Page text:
“Mommy can’t.”

Ethan sat in my lap, snuggled against my chest, rambling on in toddler-speak about the stars out his window. The conversation lulled as he took my hand into his. At two years old, his hands were already larger than mine, and much, much stronger.

I was born with a rare congenital birth defect called Arthrogryposis. In the womb, my arms didn’t move enough to develop proper muscle tone and the joints from my shoulders to fingertips locked into place.

Growing up, as I learned to eat, write, drive and live using my feet like hands, I didn’t often wonder what sort of life I’d have. I felt like a normal girl, so why wouldn’t I have a normal life? Only now do I understand how lucky and rare I am. I am a mother with a physical disability.

Ethan intently studied my hand, then his own. He flexed and extended his fingers, then tried to force mine to do the same; they don’t. In despair, he sighed and looked up at me with his dark chocolate eyes. “It’s not working,” he broke the news. “It needs batteries.”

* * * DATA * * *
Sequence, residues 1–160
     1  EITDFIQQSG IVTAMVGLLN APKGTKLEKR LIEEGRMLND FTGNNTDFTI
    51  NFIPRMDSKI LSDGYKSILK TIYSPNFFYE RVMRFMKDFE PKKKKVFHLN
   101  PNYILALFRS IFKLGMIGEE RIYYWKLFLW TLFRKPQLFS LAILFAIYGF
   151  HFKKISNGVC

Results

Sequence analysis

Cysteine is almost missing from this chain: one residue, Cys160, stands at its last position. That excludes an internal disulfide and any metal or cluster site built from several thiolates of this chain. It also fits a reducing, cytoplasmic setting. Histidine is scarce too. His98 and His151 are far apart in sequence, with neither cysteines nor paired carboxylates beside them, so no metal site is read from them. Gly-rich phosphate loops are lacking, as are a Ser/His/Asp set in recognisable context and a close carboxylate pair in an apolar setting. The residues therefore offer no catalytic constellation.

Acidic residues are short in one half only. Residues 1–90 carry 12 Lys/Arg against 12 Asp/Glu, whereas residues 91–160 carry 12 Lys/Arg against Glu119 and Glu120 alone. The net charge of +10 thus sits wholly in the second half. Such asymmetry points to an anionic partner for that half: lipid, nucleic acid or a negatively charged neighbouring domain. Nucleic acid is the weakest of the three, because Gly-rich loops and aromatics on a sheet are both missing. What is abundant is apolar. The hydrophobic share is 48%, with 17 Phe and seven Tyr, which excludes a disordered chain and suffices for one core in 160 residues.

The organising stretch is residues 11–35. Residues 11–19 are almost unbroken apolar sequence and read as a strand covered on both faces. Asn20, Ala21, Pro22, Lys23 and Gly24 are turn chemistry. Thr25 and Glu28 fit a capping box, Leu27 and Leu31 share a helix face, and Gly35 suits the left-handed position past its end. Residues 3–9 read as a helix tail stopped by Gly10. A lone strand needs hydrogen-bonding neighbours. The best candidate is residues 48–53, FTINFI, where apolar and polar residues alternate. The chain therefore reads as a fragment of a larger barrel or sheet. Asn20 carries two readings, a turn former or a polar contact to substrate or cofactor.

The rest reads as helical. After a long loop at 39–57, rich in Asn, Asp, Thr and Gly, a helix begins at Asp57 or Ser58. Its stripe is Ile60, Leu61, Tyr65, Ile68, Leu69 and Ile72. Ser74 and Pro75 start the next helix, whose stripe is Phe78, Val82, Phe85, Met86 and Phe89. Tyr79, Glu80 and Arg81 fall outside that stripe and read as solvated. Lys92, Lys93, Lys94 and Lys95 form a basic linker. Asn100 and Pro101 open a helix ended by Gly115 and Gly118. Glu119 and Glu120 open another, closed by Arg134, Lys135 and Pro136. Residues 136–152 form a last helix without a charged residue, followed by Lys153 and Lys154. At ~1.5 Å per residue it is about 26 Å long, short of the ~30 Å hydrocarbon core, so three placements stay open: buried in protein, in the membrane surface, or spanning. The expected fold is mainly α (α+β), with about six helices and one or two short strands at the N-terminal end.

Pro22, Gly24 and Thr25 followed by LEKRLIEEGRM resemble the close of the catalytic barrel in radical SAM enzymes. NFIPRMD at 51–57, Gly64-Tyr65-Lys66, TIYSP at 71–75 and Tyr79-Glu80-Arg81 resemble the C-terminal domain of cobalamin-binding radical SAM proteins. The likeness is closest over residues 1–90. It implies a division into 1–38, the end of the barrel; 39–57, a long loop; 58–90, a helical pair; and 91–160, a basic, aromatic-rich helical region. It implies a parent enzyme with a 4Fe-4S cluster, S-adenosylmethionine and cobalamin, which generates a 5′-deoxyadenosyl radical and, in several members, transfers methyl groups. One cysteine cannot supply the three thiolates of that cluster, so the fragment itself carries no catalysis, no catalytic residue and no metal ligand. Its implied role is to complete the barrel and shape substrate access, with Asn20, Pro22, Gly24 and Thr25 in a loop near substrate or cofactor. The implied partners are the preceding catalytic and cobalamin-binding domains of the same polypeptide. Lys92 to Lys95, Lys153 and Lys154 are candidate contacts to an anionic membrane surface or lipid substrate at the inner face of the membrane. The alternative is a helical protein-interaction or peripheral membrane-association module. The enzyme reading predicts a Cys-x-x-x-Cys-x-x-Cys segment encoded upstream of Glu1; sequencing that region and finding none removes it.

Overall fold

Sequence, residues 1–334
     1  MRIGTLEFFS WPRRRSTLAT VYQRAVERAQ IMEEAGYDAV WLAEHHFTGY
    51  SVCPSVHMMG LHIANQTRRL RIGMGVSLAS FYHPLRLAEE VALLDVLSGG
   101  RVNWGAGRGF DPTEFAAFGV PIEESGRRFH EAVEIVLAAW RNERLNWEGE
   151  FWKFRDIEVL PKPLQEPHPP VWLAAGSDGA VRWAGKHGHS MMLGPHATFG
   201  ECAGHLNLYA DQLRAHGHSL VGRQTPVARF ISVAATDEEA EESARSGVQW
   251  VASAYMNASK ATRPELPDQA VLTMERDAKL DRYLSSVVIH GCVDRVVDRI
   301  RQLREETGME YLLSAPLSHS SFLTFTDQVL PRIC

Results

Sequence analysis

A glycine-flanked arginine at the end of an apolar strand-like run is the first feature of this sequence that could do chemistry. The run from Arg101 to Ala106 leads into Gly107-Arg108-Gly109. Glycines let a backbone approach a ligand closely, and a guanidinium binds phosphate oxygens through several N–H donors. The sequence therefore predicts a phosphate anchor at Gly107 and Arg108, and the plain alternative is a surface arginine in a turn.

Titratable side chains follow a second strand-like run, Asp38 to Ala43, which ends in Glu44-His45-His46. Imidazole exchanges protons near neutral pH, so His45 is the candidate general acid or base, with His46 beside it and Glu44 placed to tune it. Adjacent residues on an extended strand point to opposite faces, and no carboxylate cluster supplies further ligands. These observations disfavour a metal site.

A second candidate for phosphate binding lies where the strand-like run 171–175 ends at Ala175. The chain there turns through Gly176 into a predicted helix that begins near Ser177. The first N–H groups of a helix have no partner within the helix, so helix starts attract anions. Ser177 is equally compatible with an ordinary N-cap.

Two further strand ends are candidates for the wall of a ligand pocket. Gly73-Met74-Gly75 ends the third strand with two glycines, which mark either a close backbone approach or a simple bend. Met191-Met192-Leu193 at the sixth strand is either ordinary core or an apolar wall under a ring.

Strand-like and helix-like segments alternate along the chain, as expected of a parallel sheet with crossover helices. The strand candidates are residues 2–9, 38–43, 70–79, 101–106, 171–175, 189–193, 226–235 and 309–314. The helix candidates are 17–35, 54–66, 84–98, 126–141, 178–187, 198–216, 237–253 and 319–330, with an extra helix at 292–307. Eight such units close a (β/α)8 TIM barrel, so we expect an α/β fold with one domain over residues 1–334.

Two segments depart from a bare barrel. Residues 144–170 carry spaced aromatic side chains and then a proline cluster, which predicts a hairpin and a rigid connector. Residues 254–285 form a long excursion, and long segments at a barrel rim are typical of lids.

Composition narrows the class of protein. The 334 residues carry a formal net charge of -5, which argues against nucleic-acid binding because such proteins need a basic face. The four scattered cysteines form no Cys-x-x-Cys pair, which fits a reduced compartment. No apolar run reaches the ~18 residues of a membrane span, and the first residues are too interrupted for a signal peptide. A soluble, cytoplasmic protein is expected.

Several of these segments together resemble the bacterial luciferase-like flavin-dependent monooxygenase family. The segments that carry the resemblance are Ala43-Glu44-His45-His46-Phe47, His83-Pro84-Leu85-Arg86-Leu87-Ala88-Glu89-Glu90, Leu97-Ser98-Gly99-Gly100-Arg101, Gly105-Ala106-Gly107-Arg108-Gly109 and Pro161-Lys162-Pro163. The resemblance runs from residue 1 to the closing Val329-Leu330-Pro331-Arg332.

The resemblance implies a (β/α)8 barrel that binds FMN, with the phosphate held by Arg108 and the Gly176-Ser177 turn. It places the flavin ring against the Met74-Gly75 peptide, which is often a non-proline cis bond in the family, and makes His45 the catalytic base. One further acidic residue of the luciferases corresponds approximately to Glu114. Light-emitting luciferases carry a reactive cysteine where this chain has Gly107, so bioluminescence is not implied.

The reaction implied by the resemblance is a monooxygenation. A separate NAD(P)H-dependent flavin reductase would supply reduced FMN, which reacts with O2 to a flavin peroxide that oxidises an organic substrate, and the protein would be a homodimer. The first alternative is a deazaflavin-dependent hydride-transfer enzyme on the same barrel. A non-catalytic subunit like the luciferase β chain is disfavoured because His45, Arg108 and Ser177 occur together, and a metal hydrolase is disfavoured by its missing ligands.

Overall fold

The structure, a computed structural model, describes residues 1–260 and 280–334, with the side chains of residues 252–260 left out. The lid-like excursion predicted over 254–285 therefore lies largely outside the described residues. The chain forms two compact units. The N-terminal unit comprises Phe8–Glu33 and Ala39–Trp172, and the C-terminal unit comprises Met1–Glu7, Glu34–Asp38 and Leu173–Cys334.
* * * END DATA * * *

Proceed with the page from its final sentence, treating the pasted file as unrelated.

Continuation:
I couldn’t help but laugh at such a precious assessment, but it was the first time he’d really noticed that Mommy is different. I couldn’t help but wonder what other questions would come, and whether I’d be able to communicate answers that he could understand. Answers I don’t even understand.

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